When it was finally my first day of chumming, I couldn’t be more excited. We headed out in the morning and headed to Seal Island, where there are sure to be sharks since it was all of our first time chumming. Oceans Campus goes on chumming trips in order to record the shark population in Mossel Bay.
There are many jobs associated with chumming, including the chummer, the bait line handler, go pro operator, photographer, spotter, and data recorder. I was the chummer for my first trips, which entails mixing and spreading the chum for the entire time we are there. If you’re unsure about what exactly chumming is, or would like more details about it, feel free to read my blog post: Chumming 101
The chum being thrown over the water with the ladle.
The bait rope handler maneuvers the rope with the bait (usually a tuna head), and keeps the sharks from eating the bait while still getting it close enough to collect the data needed. The go pro operator videos the sharks by placing a go pro attached to a pole over the side of the boat when a shark is within range. The photographer stands right beside the bait rope and takes pictures of the dorsal fins above the water for later identification. The spotter stays in the crow’s nest and keeps the crew (especially the bait rope) aware of where the sharks are and which sharks are which. The data recorder records all the data such as the number of sharks, environmentals (water visibility, water/air temperature, swell height, etc.), any deformities on any of the fins, the size of the shark, gender, presence/absence of pigments, etc.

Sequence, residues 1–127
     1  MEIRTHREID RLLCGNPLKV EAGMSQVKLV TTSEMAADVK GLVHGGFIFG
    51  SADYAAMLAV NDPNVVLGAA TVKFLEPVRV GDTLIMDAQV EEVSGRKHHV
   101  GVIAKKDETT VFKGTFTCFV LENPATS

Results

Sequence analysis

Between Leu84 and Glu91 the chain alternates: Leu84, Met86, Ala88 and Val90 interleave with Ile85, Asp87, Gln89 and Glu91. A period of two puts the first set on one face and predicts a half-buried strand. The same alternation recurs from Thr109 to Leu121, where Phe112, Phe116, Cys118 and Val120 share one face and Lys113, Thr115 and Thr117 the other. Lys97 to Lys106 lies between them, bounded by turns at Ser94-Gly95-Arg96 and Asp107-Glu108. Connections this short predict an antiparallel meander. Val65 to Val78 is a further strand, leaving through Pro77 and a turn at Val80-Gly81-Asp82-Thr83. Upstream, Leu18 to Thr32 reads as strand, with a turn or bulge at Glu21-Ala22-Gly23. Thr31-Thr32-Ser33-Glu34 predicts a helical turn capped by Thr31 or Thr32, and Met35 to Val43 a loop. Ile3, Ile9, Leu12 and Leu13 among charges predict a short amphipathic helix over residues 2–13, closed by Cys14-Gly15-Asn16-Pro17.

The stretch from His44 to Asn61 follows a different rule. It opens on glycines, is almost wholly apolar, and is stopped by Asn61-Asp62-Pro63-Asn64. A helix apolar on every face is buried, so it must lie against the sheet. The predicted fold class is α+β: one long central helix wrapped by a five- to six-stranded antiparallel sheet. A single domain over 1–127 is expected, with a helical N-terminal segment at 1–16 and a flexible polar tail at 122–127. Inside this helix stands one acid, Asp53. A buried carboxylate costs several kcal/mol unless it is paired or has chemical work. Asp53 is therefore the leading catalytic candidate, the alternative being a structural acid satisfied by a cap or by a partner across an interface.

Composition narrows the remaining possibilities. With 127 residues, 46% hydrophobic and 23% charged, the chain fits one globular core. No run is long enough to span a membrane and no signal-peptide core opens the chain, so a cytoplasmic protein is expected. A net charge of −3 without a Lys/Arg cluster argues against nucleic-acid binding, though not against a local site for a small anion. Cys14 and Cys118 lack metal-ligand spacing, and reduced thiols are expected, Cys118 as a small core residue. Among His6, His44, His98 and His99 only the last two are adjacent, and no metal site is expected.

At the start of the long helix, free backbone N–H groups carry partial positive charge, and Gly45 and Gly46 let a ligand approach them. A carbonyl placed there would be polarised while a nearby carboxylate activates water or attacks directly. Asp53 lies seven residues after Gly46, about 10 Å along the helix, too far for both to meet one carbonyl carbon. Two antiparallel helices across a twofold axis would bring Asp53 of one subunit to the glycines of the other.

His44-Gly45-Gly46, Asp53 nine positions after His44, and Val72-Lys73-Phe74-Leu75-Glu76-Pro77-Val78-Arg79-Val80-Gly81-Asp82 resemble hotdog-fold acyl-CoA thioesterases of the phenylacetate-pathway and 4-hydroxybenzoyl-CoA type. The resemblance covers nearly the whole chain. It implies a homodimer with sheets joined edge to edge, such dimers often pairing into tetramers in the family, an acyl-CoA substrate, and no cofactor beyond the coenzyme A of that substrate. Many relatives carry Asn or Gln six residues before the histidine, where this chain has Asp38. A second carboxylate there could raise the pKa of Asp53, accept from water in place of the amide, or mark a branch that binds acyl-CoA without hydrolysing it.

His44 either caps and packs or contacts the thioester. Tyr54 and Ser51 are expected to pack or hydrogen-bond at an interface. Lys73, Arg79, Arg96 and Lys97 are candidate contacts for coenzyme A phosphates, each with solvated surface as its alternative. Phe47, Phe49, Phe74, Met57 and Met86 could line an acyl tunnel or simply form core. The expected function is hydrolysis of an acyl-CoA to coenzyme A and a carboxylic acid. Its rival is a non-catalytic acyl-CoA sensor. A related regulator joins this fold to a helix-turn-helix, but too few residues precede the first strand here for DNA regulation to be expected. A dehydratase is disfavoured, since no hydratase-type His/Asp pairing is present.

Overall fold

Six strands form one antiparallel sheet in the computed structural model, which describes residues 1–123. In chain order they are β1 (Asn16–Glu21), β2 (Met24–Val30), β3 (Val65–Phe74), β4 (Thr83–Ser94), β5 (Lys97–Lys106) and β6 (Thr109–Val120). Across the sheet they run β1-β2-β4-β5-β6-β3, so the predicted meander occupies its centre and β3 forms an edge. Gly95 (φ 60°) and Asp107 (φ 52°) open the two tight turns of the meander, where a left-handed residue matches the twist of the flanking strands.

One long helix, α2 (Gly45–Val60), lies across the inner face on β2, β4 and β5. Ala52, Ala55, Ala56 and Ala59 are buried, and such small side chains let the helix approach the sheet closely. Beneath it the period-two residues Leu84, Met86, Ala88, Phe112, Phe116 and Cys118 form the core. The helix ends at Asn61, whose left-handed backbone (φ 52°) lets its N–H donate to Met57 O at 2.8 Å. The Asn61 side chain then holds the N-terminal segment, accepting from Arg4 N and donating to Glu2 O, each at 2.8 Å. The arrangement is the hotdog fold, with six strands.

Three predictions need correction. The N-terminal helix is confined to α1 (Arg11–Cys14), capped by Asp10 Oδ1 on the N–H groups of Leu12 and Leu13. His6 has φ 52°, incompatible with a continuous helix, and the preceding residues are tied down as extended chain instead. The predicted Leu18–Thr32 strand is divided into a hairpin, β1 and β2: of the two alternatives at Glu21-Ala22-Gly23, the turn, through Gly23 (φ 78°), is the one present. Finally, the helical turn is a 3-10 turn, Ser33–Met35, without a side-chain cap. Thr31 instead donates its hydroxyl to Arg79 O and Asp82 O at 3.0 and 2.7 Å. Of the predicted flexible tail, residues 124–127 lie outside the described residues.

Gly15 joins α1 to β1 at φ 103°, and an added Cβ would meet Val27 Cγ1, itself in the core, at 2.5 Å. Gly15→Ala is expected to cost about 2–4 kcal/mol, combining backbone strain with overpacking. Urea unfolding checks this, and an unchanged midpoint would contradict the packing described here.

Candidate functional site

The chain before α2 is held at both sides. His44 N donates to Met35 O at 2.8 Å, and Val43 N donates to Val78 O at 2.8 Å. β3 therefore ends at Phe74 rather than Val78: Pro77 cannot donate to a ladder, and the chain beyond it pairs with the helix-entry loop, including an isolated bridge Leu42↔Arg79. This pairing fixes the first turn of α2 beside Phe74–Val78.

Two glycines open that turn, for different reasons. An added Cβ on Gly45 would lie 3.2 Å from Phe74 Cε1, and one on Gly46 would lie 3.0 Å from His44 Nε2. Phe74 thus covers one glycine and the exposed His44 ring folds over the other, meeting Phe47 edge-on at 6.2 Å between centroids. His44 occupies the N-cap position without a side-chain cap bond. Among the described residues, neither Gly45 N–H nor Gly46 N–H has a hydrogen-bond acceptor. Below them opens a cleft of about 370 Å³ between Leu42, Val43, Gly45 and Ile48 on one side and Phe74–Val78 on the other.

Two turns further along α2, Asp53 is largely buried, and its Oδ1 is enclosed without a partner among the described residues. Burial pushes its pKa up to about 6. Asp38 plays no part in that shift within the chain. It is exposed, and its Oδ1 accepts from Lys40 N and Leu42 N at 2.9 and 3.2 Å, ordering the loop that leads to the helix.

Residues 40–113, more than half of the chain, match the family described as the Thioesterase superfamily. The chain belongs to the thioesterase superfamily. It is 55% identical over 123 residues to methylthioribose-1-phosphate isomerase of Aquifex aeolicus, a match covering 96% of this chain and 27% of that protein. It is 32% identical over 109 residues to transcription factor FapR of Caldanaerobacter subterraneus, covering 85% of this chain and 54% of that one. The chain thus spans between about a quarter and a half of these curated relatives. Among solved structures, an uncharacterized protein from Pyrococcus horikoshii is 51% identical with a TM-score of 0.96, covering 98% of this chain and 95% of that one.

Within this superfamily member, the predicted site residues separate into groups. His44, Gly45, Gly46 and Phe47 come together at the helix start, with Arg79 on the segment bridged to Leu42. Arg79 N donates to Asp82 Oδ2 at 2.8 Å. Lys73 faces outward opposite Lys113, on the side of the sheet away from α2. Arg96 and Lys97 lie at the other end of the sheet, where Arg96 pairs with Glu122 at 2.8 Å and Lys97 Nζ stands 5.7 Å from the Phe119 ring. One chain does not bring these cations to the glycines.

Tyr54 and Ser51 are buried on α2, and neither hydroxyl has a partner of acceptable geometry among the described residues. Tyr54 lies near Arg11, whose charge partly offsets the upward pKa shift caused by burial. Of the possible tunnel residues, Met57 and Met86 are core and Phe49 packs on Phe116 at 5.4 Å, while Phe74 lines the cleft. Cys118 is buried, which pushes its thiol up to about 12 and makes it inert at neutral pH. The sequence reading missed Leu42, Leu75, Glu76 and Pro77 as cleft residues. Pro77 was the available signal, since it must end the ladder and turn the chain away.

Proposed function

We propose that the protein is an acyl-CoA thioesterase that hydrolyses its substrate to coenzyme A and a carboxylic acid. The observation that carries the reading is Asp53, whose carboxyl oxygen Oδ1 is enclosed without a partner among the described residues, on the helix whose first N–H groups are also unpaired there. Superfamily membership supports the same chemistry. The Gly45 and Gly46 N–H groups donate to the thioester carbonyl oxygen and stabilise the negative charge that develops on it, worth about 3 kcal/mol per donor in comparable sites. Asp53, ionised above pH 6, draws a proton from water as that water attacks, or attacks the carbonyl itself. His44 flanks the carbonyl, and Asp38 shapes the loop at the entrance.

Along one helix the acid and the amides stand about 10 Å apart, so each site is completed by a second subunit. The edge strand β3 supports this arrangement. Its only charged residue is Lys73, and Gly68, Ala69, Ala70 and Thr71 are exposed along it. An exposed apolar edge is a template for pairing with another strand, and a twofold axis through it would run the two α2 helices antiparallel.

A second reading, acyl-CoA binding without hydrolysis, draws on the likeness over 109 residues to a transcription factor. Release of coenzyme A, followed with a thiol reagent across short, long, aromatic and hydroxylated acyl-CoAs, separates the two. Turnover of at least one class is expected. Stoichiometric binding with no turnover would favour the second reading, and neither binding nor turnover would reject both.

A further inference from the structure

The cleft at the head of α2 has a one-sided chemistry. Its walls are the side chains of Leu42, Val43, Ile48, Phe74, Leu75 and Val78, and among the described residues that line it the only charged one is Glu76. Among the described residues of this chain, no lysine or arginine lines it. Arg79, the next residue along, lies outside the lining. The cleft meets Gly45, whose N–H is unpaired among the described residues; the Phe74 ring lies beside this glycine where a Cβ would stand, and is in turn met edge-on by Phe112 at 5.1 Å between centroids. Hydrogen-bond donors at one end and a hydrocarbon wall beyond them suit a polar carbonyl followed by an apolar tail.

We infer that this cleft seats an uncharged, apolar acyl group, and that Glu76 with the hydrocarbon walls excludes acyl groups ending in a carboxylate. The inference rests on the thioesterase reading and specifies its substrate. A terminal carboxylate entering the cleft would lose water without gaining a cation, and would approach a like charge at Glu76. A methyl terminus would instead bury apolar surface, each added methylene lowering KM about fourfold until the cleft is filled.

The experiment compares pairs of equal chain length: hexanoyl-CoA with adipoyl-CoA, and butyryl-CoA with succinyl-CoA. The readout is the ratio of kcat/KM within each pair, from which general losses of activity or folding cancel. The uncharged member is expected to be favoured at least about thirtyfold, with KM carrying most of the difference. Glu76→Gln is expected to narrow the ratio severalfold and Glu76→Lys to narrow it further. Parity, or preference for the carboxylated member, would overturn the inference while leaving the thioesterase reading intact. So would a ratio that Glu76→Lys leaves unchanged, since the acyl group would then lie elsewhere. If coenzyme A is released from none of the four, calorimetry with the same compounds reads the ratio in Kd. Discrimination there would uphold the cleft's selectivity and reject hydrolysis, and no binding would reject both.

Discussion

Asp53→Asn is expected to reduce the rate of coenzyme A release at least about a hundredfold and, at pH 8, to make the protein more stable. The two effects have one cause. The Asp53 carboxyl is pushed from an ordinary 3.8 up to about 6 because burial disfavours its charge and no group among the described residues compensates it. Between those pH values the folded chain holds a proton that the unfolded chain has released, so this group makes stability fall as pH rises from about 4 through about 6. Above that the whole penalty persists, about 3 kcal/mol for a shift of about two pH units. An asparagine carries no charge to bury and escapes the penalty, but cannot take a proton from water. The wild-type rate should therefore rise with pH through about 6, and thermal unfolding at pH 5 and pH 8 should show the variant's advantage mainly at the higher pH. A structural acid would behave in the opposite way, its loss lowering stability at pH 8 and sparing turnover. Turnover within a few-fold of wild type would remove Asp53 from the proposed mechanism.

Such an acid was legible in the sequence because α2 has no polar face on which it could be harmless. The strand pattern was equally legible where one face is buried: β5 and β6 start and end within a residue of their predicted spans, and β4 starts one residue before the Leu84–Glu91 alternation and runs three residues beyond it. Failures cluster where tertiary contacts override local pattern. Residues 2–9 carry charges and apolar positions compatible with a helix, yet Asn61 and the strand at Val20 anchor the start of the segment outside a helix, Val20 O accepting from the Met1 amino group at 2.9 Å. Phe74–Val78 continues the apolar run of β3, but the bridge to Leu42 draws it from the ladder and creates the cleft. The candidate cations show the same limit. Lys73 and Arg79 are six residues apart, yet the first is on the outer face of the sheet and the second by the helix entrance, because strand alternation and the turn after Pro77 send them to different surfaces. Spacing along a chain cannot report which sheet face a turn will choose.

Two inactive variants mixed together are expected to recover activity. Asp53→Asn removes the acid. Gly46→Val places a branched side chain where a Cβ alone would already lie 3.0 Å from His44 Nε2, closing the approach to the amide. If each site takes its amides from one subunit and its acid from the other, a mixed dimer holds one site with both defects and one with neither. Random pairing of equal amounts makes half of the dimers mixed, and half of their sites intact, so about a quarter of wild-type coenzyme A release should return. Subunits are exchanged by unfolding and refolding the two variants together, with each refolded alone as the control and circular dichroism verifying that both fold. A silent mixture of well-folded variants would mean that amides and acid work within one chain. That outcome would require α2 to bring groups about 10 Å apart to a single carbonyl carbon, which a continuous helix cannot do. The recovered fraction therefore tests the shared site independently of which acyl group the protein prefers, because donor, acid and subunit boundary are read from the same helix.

We were chumming at Mossel Bay’s Seal Island, where we were able to see 14 different white sharks over the span of around 2 hours. It was by far, one of the coolest experiences of my life. To see those majestic animals gliding effortless through the water, it made me wonder how anyone could ever not see their beauty.
Justin, our skipper, doing an awesome job bait roping.
One of the larger sharks gliding by my side of the boat.
Another graceful shark swimming by.
And another. They tend to circle the boat, going between the chum side and the bait side.
The shark showing off its dorsal fin perfectly for the photographer.
Nubs, one of my favorite sharks, getting a little close while I was scooping seawater for the chum.
However, on a separate chum trip in a different location, but still in Mossel Bay, we chummed for over 2 hours and did not see a single white shark. This proves that people who claim that white sharks seek out boats to attack people or that they will track down a single drop of blood for miles are wrong. We were avidly trying to attract sharks and could not.
Just a fun side note: chum and bait obviously do not smell the best, so we had “chum pants” since we were wiping our chummy hands on our pants repeatedly. We plan to just throw away the pants at the end of the internship. Also, since the smell gets so set in on your clothes and hands, I found that toothpaste, peeling an orange, and multiple washes almost completely get rid of the smell (and I mean doing everything listed, not just one or the other).